That’s a fact!
Especially if the diamond is thin, has a thin or no girdle, or is a diamond with tips or corners.
Diamonds that come to a corner or edge are vulnerable and break easier. Diamonds like: marquise, pear, heart, princess, trilliant, and baguette.
Like these diamonds here:
All of these stones need more protection and more coverage by the heads or mountings.
Take this marquise for example…
This lady sent me this picture below asking for advice on what to do. She had chipped the tip of her stone clean off… Take a peek:
The reason the diamond was chipped is easy, the points were totally open and easy to knock or hit.
Sadly, after the fact, there are only a few things that can be done:
- Have the diamond recut
- Trade the diamond in
- Try to hide the chip or break
- Leave it the way that it is
Let’s take a closer look…
1) Have the diamond recut
Diamonds that are damaged can be recut (as long as the fracture doesn’t run the full length of the stone). It can be sent to diamond cutters for a professional opinion (and may need to be sent loose; out of the mounting). And yes, it will remove some carat weight, that’s to be expected. The cutters will have to reshape the stone to the best shape possible (might not be the most desireable) and recreate the point again. It could remove 10% or more of the overall weight (which also means you’ll have to get a new appraisal on your ring, which could also cost money).
You can also take your diamond to a jewelry store, most independent jewelers can send diamonds out for recutting. That’s probably the simplest and easiest way to have it repaired. It won’t be cheap, and it won’t be quick either (probably at least 6 weeks upon approval).
2) Trade the diamond in
Chipped diamonds can be traded in… Most still hold some kind of value (although that value will be much lower). Jewelers will have to send the diamond to the cutters themselves so they can salvage and resell it later. Trading it in allows you to get another beautiful new diamond, maybe a different size or shape or quality, and they will set it into your existing mounting, or you can always trade the entire ring in for something new… Like that 3 carat diamond ring you’ve been eyeing! :)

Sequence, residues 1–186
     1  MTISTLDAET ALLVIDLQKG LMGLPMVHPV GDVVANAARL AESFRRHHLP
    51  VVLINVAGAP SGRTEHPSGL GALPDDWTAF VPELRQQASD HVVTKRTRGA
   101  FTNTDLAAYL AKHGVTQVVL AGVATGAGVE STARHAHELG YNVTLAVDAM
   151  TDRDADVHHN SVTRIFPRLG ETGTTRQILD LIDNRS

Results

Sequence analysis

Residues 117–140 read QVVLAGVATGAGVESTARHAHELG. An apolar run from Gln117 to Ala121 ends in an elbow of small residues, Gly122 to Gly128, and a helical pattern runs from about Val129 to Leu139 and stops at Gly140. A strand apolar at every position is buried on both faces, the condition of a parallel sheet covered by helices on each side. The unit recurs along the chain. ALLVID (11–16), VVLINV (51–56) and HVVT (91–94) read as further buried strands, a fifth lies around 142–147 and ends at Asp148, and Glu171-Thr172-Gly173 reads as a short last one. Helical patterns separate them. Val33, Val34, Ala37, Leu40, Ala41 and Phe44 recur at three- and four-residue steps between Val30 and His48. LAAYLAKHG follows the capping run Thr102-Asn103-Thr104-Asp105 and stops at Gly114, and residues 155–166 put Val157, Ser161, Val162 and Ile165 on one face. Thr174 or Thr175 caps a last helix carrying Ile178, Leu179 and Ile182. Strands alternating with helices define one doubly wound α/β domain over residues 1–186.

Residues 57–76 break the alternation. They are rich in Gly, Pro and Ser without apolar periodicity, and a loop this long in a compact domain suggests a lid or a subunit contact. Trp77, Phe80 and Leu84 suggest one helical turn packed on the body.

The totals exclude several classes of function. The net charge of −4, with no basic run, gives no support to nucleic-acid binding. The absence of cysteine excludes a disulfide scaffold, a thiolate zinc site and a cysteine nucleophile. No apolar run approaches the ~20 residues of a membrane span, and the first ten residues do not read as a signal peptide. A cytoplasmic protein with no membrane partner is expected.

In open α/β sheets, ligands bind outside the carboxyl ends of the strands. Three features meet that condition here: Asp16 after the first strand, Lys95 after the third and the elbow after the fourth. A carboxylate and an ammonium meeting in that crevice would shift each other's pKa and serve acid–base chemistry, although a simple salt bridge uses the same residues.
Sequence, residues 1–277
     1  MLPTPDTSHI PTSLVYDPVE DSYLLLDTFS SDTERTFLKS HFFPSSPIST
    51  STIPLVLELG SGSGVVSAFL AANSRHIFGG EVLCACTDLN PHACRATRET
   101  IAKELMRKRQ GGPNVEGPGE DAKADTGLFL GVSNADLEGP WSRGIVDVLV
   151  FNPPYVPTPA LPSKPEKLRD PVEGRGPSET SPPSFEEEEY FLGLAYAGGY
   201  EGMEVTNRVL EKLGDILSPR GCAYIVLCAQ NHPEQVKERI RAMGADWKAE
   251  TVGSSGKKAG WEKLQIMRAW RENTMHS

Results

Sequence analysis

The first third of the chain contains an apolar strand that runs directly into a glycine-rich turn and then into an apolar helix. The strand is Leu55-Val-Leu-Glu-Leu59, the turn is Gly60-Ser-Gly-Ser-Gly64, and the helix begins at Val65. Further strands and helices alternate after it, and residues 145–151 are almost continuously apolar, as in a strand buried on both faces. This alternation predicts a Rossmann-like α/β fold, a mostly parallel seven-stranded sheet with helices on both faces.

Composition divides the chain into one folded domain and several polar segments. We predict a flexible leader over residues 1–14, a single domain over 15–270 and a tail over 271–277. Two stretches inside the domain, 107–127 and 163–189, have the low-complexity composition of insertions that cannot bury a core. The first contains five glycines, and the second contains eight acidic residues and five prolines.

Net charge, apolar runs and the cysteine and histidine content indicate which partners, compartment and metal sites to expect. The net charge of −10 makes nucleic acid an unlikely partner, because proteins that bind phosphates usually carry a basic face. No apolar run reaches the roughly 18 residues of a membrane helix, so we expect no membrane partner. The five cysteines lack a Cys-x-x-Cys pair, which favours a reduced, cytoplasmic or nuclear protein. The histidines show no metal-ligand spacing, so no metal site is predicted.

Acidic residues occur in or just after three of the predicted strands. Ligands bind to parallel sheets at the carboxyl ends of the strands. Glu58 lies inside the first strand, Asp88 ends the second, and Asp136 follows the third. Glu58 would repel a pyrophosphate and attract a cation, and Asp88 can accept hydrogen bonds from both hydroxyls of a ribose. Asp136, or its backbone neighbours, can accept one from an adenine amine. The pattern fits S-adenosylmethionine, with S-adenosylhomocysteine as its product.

Don’t you have an anniversary coming up?
3) Try to hide the chip or break
Some diamonds can be turned in the head or mounting to hide the chip. Some can be covered up by a prong or the head. Granted, if the chip is too large, or on the very ends (like this marquise diamond is), then there isn’t much that can be done. But often on round diamonds, a little nick can disappear and never be seen again.
4) Leave it the way that it is
Some people don’t have the money to trade in. Some can’t afford the price of recutting (could easily be hundreds). Some will just leave it the way it is and hope that one day in the future they’ll be able to do something special.
Either way, there is one thing you SHOULD do… Check with you insurance company. Some people have a rider that will cover jewelry damage, loss, theft, fire… It could cover the cost of getting a brand new diamond. It could replace your whole ring… Call your insurance agent today and see. You may be surprised!
If you’re buying a new diamond ring, check the prongs on the diamonds. Make sure they are v-tipped if they have points or corners… As so:
Check the prongs on the solitaires or wedding sets you already own (not only for coverage, but for damage; cracks, bends, breaks, equal spacing). If your diamond has normal prongs covering the tips (rounded prongs), or no prongs at all (like the marquise above), then ask your jeweler for v-tips instead (prices will vary, and some can’t be done if they have built-in heads). V-tips are metal corners that cover both sides of the stone (as seen above). They provide secure walls that protect the most delicate part of the diamond from hits, bumps, or strikes.
Lastly, do get your diamond insured.
That’s the best advice I can give.
It’s a must!
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